A new report issued by Morgan Stanley on the future on online gambling in the US has predicted that revenue from the sector could reach USD$5.2 billion (NZD$6.38 billion) by the year 2020. However, as impressive as this figure may sound, it does nevertheless represent a mark down of previous estimates as to how much revenue the industry would generate.
The Morgan Stanley report is predicated on twenty US states legalizing online gambling within their jurisdictions in the next five to six years. The report notes that should that number increase to 50 states, then the likely revenues would be in the region of USD$10.7 billion (NZD$13.14 billion).
In the little over a year since online casinos were legalized and regulated in three US states—New Jersey, Nevada and Delaware—the expected boom in online casino participation has not materialized, and revenues have fallen well short of predictions. However, this latest report is more bullish about the future than was the case as little as six months ago.
The failure of online casinos to hit predicted revenue targets, in New Jersey in particular, has been attributed to a number of factors, not least the reluctance of US financial institutions and banks to process credit card payments for online casino accounts, due to some confusion regarding the precedence of state or federal law in relation to the Wire Act. However, the proposed re-entry of PayPal into the online gaming market could well mark a significant shift in the banks’ approach and lead to them loosening their restrictions, and this can be seen to have had a significant influence on the most recent forecasts.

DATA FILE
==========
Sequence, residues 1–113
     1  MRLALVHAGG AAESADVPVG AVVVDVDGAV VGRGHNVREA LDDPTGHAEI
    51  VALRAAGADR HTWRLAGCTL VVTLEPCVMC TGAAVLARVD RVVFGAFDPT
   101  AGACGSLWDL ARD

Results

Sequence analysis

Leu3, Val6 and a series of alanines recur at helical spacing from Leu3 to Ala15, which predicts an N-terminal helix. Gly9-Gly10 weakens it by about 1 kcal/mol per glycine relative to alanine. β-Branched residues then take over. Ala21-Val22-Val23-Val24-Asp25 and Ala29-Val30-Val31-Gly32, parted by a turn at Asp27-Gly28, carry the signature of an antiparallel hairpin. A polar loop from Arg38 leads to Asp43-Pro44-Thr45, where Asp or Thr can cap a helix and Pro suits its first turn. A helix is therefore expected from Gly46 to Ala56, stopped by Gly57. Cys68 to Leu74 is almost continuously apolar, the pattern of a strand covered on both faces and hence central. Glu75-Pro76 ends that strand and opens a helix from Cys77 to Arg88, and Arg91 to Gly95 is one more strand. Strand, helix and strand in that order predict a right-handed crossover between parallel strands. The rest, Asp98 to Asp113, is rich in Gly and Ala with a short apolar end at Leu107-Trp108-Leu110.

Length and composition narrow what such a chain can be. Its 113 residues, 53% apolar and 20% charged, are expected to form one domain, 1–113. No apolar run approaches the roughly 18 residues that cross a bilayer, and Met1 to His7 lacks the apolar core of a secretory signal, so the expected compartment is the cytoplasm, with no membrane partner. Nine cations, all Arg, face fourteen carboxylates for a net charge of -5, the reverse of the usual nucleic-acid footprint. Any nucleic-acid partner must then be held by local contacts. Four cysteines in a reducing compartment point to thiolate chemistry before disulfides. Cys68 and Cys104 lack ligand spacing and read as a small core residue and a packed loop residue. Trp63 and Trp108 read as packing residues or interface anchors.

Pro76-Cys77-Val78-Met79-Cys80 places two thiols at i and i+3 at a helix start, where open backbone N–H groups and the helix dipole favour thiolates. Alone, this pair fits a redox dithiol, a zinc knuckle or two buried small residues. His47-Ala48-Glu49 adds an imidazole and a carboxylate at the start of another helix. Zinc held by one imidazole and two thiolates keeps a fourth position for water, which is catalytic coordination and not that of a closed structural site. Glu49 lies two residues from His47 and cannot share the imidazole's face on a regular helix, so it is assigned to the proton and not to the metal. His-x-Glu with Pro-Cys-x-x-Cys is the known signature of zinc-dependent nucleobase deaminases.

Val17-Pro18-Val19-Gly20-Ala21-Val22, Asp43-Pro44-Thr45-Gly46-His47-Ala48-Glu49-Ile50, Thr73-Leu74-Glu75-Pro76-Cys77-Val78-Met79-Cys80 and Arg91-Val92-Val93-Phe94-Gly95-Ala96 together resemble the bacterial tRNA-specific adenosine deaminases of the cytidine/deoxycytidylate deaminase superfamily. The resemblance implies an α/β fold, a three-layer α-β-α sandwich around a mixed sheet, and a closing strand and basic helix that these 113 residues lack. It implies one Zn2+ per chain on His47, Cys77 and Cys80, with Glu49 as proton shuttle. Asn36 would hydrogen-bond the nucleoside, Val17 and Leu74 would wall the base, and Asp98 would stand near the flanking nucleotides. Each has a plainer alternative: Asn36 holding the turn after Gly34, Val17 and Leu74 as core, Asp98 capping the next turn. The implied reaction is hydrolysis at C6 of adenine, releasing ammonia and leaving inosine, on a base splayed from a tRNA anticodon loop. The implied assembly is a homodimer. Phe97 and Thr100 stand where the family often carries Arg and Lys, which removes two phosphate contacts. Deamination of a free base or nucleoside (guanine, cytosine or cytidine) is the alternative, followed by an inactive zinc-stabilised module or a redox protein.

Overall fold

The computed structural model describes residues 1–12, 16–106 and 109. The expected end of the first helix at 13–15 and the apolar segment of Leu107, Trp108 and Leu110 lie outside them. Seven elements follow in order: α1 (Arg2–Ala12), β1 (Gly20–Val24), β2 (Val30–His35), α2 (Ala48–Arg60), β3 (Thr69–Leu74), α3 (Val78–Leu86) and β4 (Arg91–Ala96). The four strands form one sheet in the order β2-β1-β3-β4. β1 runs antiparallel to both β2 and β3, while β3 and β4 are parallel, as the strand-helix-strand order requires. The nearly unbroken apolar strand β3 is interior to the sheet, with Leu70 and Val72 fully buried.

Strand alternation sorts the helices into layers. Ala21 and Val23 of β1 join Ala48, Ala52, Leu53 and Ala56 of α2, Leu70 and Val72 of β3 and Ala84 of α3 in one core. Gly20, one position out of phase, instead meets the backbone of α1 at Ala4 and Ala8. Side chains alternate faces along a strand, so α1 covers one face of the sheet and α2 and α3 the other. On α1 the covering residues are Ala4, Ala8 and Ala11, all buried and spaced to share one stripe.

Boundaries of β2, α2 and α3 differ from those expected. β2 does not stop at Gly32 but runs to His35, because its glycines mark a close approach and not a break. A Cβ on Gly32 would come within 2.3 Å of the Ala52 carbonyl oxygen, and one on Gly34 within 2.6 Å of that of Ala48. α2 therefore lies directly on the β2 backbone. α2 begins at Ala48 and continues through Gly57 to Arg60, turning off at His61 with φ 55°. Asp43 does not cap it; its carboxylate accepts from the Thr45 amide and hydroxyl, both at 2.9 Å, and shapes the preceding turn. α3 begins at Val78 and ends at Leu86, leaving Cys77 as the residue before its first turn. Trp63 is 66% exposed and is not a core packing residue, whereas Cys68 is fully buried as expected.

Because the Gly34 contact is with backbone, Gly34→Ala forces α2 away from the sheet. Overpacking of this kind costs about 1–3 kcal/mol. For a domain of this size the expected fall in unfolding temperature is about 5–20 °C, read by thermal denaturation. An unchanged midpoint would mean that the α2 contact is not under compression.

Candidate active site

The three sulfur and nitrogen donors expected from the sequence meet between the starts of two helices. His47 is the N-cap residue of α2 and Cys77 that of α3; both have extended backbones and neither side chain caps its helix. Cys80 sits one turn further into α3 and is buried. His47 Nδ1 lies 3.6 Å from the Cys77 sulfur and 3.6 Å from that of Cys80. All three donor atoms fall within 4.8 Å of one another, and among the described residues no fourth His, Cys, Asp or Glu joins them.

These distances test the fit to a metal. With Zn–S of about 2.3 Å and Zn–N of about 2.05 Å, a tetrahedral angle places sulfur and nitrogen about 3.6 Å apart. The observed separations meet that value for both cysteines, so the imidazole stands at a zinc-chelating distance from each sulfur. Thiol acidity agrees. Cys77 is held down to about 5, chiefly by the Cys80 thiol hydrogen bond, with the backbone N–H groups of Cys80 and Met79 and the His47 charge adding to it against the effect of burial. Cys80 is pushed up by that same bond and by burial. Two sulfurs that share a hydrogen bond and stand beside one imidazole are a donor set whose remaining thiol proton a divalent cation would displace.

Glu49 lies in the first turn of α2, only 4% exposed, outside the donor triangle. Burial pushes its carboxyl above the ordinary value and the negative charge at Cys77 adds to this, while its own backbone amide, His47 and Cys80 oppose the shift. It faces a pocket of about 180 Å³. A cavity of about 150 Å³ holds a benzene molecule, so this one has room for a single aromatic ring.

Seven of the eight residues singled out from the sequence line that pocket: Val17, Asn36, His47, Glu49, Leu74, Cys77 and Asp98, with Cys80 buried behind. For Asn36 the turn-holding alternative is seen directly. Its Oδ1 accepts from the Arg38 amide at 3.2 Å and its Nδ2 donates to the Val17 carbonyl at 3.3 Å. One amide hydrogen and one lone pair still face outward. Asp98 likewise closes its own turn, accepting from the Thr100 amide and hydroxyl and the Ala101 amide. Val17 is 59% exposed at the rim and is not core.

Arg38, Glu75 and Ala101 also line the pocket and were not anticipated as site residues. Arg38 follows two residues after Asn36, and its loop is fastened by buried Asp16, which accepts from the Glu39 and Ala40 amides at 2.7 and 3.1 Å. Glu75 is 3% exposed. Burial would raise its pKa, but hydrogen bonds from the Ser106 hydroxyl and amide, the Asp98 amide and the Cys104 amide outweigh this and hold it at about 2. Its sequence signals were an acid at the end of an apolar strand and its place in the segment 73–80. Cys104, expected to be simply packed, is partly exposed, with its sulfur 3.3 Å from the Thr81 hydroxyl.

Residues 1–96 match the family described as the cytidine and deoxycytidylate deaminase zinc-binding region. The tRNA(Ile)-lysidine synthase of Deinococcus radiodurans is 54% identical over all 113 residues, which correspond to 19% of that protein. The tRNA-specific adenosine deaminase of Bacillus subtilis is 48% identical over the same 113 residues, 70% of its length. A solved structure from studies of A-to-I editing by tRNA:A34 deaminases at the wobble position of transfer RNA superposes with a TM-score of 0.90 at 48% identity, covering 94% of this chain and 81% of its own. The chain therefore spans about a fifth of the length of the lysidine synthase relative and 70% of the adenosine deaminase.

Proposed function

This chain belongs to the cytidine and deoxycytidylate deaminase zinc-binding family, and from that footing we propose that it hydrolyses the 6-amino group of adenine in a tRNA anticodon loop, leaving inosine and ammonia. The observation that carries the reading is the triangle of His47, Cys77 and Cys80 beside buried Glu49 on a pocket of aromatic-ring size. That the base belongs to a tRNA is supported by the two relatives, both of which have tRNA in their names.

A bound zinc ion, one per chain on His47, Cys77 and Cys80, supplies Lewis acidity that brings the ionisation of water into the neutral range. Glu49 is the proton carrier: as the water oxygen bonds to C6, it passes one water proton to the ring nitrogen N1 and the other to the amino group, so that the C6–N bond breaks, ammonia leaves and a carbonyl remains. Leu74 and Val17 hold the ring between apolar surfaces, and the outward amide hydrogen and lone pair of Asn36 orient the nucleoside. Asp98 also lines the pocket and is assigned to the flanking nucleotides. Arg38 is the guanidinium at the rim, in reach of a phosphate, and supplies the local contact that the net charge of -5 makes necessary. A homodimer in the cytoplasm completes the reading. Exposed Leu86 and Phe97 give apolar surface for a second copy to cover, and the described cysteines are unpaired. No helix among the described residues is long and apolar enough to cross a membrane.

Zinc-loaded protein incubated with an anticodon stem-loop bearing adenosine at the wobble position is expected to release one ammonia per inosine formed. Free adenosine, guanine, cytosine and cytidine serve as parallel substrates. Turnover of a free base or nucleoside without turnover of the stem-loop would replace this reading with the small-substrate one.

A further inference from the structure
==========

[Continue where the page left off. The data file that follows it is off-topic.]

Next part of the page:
Morgan Stanley’s predictions are also based on there being no further federal intervention in laws regulating the online gaming market. Presently, it is a state matter as to whether they allow online casinos to operate within their jurisdiction, but pressure is mounting in the US from anti-gambling lobbying groups and land-based casinos to return to an outright nationwide ban. Arguments being put forward are that online casino technology does not have sufficient safeguards in place to prevent minors playing, and that they will ultimately damage the profitability of their bricks and mortar counterparts.
However, a return to the Wire Act and the banning once again of online casinos won’t of course mean that US players stop playing online. Instead, they will simply return to offshore sites, as is currently the case in most of the US, with the concomitant loss in potential revenue for the states’ economies.
The lure of this potential lost income may in fact be the strongest argument for more US states regulating online gambling and allowing its residents to play at online casinos. State legislators may well find it hard to wave goodbye to the income that could be generated for their depleted coffers by sending online gambling offshore again.